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Galway City publicans continued this week to serve alcohol in newly created on-street outdoor dining sections – despite warnings from Gardaí that it was against licensing laws.

The local branch of the Vintners Federation of Ireland (VFI) said it is hoping Government will, if necessary, introduce legislation that facilitates pubs serving alcohol in public spaces reclaimed for outdoor hospitality.

On Friday last, our sister newspaper, Galway City Tribune revealed that Gardaí had visited a number of city pubs warning they were not legally permitted to serve alcohol outdoors in temporary on-street seating areas created by Galway City Council.

Publicans were told that if they continued to flout the rules, files would be sent to the DPP.

When the crux subsequently hit the national headlines, Justice Minister Heather Humphreys urged Gardaí to ‘use their discretion’.

“The overwhelming majority of licensed premises are operating safely, and we in Government are determined to continue to support them. If local issues arise, I would urge local authorities, Gardaí and businesses to engage.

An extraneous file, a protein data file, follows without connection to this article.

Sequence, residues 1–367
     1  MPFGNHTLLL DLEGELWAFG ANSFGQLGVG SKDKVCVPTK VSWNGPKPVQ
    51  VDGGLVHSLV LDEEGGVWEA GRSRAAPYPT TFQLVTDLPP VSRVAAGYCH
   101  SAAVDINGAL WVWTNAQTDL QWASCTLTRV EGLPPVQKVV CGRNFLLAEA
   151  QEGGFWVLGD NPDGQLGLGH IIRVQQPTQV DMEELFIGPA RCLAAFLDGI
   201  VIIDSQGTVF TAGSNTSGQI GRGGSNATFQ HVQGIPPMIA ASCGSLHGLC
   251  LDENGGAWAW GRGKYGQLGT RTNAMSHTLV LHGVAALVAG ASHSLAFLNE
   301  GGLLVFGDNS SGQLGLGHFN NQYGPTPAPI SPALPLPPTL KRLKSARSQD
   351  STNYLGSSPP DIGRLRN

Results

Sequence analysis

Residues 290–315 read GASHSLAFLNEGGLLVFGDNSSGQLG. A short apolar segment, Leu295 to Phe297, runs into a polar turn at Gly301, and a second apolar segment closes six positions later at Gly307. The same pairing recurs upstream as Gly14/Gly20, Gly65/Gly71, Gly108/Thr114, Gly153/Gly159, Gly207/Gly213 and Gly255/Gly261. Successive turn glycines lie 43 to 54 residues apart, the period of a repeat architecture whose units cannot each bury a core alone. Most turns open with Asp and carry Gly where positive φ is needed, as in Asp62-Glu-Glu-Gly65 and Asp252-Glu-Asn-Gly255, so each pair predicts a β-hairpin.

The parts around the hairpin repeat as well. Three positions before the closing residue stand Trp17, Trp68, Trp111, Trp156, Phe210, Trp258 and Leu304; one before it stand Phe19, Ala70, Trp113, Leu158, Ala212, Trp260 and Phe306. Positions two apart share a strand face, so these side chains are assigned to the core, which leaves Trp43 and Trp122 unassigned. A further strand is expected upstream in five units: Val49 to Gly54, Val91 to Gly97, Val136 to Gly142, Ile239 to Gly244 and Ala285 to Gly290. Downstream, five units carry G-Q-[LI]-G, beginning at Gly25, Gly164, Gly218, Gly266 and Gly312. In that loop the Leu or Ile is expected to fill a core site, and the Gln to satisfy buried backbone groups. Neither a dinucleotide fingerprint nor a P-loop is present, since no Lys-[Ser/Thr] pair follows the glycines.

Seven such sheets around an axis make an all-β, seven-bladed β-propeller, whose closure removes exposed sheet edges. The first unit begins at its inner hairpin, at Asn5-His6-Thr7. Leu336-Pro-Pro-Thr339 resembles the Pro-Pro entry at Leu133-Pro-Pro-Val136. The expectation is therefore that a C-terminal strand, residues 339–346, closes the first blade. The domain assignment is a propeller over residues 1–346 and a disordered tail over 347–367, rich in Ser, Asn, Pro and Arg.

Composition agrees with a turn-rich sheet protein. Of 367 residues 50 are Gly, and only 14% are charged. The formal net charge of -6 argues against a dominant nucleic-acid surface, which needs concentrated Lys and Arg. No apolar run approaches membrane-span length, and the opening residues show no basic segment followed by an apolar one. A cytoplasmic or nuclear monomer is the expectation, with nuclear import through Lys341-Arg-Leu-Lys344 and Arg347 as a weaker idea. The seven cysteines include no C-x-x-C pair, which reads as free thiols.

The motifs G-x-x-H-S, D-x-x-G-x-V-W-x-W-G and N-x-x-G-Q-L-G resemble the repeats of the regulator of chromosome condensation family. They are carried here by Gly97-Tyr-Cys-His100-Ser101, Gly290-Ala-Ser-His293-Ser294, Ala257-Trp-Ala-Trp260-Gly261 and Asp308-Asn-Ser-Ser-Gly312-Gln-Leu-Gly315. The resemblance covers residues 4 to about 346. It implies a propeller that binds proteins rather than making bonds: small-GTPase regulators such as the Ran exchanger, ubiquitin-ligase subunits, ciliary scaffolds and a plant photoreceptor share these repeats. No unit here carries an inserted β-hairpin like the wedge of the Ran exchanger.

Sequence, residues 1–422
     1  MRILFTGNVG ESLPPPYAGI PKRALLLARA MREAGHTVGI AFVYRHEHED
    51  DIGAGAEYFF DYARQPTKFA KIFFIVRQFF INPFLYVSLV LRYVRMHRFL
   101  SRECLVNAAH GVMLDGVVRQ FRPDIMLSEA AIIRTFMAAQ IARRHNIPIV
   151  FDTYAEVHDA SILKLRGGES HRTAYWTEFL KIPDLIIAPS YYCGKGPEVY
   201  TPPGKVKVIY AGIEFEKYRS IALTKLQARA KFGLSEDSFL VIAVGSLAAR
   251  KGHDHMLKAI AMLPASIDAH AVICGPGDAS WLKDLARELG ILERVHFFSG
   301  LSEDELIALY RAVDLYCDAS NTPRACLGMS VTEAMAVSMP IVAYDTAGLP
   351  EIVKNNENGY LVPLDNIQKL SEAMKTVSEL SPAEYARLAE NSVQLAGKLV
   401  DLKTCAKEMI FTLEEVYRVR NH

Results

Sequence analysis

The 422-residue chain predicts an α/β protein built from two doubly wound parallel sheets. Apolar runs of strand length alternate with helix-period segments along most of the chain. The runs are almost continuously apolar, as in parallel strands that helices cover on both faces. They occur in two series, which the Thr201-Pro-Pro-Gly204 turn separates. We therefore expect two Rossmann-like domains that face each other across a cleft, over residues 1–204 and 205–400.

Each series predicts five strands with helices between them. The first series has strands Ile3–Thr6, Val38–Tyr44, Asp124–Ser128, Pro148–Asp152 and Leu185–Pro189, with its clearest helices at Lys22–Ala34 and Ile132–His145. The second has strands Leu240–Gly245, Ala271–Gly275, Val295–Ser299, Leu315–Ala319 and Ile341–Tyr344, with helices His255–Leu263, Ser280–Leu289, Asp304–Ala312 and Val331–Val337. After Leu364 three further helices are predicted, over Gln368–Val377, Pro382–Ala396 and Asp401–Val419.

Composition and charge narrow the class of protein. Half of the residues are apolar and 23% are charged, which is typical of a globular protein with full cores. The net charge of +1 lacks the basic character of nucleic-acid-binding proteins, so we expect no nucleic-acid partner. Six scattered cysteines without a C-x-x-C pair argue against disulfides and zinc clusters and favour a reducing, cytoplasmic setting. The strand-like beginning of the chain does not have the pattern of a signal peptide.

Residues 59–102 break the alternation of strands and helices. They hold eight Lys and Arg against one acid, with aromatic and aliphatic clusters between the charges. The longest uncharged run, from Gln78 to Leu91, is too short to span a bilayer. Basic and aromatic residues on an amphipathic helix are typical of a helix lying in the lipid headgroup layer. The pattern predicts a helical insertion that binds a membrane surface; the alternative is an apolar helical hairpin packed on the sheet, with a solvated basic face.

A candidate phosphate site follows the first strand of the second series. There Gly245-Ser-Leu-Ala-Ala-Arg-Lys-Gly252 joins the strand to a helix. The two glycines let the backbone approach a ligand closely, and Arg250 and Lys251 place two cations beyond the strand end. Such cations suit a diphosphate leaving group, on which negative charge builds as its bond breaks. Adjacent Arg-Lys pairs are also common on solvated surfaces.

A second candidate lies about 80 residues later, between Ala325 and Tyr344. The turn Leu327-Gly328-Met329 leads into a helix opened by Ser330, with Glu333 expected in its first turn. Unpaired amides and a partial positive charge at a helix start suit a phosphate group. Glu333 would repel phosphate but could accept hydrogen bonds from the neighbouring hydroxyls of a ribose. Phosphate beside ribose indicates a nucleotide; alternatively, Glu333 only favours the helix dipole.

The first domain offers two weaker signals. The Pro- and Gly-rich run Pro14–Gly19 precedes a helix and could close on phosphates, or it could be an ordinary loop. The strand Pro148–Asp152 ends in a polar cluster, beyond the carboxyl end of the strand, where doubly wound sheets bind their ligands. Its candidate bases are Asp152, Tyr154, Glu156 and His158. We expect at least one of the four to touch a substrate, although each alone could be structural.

“However, I will also examine whether further measures are required from Government. Licensing law is a complex area but I have spoken to the Attorney General this morning and we will take further action if necessary,” Minister Humphreys said.

Read the full story in this week’s Connacht Tribune, on sale in shops now. Or you can download the digital edition from www.connachttribune.ie

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Connacht Tribune

Apple plans second bite at Athenry data centre

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An artist's impression of the proposed Apple Data Centre.

Apple intends to have another bite at plans to build a data centre in Athenry.  Apple Operations Europe has applied to Galway County Council for more time to construct a controversial data centre on a greenfield site at Derrydonnell.

The company said it will identify “interested parties to develop the project” between now and 2026 to meet global growth in demand for data storage facilities.

It will spark hope in the County Galway town of a revival of the €850 million project that was dogged for years by planning delays and court appeals and was subsequently shelved. It may also attract fresh objections.

The world’s largest technology company was granted planning permission to build a €850 million data centre near Athenry in 2015.